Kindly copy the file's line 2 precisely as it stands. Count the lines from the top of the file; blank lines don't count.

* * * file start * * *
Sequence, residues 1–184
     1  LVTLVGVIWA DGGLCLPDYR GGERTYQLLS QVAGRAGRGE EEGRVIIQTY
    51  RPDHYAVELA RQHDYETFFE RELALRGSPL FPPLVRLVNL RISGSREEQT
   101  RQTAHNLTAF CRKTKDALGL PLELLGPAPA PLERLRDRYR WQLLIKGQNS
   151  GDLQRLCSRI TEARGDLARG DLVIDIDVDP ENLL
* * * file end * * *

     1  LVTLVGVIWA DGGLCLPDYR GGERTYQLLS QVAGRAGRGE EEGRVIIQTY